Interviewing (Part 3)

Now where do you find people to interview? I wouldn’t recommend looking for the Billy Grahams, Max Lucados, and Chuck Swindolls, even though Pastor Chuck was once my pastor. They probably won’t have time to meet with you. Look at the people around you. People are fascinating. Look in your church for an interesting person. Read the local interest column in your newspaper. Keep a file folder of interesting people to interview. Perhaps a boy from your church won an event in the Special Olympics for mentally handicapped children. But a word of warning—don’t interview too close to a tragedy. A person needs a little distance to obtain a proper perspective. Be sensitive.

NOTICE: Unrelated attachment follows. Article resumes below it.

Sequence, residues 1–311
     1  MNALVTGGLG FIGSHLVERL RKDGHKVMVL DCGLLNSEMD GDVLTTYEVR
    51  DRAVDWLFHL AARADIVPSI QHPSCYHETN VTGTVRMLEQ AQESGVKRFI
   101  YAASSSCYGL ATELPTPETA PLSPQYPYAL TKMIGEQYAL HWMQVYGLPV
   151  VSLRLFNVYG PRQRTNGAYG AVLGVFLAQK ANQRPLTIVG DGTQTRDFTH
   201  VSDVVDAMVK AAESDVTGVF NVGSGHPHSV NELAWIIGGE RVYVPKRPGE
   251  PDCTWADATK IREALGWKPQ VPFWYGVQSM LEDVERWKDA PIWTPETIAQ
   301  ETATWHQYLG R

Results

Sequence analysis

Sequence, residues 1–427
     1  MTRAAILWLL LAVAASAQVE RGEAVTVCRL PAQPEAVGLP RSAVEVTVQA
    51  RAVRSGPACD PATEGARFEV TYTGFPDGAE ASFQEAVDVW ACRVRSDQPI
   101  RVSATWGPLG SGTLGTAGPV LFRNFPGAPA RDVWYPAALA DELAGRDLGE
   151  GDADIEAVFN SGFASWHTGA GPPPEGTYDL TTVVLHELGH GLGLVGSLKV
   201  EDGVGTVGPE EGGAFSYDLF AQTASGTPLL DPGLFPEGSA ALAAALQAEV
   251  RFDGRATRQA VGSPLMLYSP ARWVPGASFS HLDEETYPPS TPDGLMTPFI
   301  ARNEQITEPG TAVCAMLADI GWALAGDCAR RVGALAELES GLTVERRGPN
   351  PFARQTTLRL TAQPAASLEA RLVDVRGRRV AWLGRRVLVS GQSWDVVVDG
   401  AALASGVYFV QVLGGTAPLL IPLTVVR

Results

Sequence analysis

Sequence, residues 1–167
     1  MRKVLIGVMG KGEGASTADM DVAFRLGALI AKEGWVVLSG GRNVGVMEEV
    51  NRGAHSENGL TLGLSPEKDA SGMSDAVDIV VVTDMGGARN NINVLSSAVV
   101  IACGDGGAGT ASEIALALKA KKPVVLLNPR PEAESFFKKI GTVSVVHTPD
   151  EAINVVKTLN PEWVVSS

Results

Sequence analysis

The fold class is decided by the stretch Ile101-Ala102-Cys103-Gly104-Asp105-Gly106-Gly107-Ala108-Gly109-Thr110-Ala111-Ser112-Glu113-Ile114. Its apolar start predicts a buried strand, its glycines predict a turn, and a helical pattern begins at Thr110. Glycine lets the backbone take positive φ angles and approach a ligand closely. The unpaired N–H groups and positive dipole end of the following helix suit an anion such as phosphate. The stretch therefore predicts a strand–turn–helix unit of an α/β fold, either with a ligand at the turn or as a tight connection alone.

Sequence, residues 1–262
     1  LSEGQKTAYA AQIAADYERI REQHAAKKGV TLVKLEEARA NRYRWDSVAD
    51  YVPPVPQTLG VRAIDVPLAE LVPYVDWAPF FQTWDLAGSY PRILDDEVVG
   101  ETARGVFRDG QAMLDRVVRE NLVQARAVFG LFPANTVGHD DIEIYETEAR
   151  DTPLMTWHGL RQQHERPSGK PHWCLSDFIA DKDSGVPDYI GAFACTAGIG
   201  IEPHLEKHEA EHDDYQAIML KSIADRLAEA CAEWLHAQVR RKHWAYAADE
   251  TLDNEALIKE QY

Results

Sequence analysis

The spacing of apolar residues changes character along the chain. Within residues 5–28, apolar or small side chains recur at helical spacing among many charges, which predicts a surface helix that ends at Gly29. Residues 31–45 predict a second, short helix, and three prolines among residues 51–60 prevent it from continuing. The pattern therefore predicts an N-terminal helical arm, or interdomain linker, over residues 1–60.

Keep a file folder of interesting subjects on which to interview. Once you find a subject, research it. Then find an expert in the field and interview him. Research and interviewing go hand in hand. People love to speak about what interests them: hobbies, vocations, talents. And you can be the apprentice learning at the master’s feet.

Remember to do your homework before the actual interview takes place. If the person has written a book, read it. Learn all you can about that person before you interview him or her. You don’t want to waste valuable time asking questions you can find answers to on your own.

 

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